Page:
FL Stock Index 2012-06-01 to 2012-06-30
Florida's stock index declined once again in June, losing 1.43% from May but remaining 3.91% higher than one year ago. Moreover, this marks the second consecutive month of decline for the index, but it remains up 7.41% year-to-date. Although the S&P 500 only dropped by 1.33% in June, Florida's index is still ahead by almost 4%, mostly due to the state's high weighting in consumer discretionary. Since 2000, this sector has only been outpaced by three others: energy, information technology, and--as of this month--utilities. However, energy remains by far the biggest gainer over the past decade.
After starting the month of June relatively flat for the year, the S&P 500 index managed to erase some of its late May losses. However, the comeback was not strong enough to put its monthly average—or that of Florida’s stock index––above May’s. This situation provides a unique opportunity of observing the difference between following daily close prices and monthly averages, because while the monthly average shows Florida’s index losing ground the daily prices indicate a short-term positive trend as we move into July. Breaking the S&P 500 down further, it can be seen that the financial sector (which accounts for about 9% of Florida’s employment) was one of the worst-performing sectors when comparing month-over-month, but improved the most in June when viewed on a daily basis. Overall, every sector of the S&P 500 improved from the first day of June to the last with a range of 4.17% to 8.92%. Therefore, even though June marked the second month of decline for Florida’s index, there are positive indications going forward. Moreover, though there are some slight differences in magnitude Florida’s index remains highly correlated with the S&P 500 because most sectors are still moving in tandem, as news of the global recovery continues to control most stocks.
June got off to a tumultuous start, as indexes fell on first day of the month due to concerns over the Eurozone sovereign-debt crisis and weak U.S. economic data. Europe’s issues started early in the month in Greece, as elections were scheduled to be held once again on June 17 with hopes that the country would finally form a stable government. In the U.S., initial unemployment claims rose and the Office of Economic and Demographic Research (EDR) revised their first quarter 2012 GDP figure, showing that the pace of the economy was slowing. Even though not backed by solid data, investors experienced positive returns the following week. Members of the G7—seven countries that collectively make up over 50% of global nominal GDP—met that week and assured investors that their central banks would do whatever would be necessary to stimulate growth. Many took solace in this assurance since the G7 includes the U.S. and several Eurozone members. The week of June 10 began somewhat shaky, as investors became concerned again about the European debt crisis when Spain requested a bailout to help its struggling economy and rising yields. This might have been a very dangerous week’s start for the stock market since Greece’s elections were to be held the following weekend, had the central banks not been willing to once again offer assistance if a government was not formed (even though the ECB left rates untouched). Instead, the week ended on a positive note. The following week saw major indexes decline, as the Federal Open Market Committee’s meeting sparked investor concerns early in the week, and later it became obvious that Cyprus would be the fifth European country to request a bailout. Fears worsened as German Chancellor Angela Merkel made uncomforting statements—essentially asserting that her country would not loosen its position of austerity—just as members of the European Union (EU) prepared to meet in Brussels. Even so, the month ended on a positive note as the leaders attending the EU summit appeared to make headway regarding the crisis, agreeing to use rescue funds from the European Financial Stability Fund and the European Stability Mechanism to directly inject money into struggling banks. Although this required concession from Chancellor Merkel, she did insist that others agree to set up a supervisory institution for European banks.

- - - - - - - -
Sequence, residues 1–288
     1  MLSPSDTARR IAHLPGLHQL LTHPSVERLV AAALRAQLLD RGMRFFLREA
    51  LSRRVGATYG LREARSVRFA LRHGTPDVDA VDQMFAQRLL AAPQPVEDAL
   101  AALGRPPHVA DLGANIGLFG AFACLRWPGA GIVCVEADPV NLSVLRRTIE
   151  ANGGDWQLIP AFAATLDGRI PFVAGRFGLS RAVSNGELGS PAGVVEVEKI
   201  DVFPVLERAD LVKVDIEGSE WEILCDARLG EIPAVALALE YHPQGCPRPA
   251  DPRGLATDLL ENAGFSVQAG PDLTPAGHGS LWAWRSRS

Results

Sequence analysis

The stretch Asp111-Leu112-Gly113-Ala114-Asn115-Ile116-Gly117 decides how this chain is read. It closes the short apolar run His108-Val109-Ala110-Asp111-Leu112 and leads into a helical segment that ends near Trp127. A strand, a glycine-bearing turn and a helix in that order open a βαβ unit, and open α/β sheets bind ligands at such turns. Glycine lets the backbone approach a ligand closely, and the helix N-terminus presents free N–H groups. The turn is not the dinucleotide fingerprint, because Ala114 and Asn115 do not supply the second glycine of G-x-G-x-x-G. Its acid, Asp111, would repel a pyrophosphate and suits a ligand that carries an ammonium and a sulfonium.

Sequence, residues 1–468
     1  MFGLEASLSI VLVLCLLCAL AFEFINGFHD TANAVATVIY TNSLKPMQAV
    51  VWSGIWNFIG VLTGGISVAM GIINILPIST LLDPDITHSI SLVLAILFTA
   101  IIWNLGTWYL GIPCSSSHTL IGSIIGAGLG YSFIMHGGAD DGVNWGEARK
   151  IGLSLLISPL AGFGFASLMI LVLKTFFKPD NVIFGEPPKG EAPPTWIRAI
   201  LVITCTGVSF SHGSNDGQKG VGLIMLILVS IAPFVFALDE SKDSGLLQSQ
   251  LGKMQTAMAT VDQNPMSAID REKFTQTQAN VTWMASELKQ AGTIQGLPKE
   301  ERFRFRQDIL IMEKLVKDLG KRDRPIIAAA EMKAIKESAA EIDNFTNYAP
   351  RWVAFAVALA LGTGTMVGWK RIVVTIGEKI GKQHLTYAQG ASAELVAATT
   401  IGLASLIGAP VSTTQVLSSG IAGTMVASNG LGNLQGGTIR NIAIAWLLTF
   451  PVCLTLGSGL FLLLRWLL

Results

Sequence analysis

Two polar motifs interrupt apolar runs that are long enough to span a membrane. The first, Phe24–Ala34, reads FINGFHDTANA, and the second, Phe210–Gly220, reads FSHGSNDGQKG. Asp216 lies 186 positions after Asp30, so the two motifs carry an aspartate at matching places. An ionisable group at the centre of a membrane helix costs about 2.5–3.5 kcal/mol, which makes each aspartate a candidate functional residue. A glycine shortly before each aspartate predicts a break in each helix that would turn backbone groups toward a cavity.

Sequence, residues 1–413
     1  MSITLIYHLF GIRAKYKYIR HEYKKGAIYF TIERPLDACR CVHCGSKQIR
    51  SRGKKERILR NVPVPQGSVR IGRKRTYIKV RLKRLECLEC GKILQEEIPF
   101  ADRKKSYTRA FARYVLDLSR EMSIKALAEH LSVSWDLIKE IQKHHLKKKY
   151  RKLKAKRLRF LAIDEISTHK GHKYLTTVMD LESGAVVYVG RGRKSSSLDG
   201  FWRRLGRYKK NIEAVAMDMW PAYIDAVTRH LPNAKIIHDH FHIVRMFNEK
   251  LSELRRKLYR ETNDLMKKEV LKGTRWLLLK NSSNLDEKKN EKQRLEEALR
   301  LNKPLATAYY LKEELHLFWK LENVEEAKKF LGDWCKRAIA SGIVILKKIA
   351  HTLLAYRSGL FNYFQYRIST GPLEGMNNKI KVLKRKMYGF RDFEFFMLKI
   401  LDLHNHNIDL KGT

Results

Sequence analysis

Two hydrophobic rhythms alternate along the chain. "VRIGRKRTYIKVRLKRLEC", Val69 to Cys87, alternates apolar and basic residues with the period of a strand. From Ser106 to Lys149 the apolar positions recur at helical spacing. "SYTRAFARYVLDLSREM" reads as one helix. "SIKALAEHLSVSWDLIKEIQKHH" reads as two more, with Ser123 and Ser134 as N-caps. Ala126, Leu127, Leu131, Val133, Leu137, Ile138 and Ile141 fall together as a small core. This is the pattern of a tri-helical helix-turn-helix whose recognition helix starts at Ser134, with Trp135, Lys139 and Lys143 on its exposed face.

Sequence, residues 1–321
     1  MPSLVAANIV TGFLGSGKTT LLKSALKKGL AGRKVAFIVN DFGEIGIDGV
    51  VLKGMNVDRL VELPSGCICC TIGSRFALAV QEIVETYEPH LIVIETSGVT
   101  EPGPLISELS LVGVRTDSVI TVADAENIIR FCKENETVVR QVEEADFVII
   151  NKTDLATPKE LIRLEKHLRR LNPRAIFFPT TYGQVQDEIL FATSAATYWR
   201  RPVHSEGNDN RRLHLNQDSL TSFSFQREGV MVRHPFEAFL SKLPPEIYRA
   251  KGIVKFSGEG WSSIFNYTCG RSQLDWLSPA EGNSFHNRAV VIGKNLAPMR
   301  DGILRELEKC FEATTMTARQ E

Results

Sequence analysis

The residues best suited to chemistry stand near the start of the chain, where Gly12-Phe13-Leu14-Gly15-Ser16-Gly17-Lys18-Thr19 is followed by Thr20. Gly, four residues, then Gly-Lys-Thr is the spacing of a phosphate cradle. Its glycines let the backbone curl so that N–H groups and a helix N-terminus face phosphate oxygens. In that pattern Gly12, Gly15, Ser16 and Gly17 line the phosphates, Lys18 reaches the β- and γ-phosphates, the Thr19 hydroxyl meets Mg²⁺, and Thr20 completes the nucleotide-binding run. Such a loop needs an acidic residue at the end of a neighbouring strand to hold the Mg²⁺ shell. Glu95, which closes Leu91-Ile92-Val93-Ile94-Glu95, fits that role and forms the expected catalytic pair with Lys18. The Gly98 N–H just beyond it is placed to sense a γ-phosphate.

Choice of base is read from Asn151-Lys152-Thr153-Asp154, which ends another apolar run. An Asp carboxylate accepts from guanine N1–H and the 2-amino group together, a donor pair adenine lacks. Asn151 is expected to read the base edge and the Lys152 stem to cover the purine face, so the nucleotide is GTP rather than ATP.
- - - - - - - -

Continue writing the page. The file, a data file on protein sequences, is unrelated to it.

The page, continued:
Even though the month ended with positive results out of Europe, there are still many gaps in the bailout plan, not to mention that many Eurozone members still have struggling economies. Unfortunately, other than promises and policies, there was not much positive news in June. Moreover, even with the improvement seen throughout the month, indexes remain below levels from early May. Therefore, even with the momentum going into June, we feel that Florida’s stock index will fall again in July, perhaps to around 151.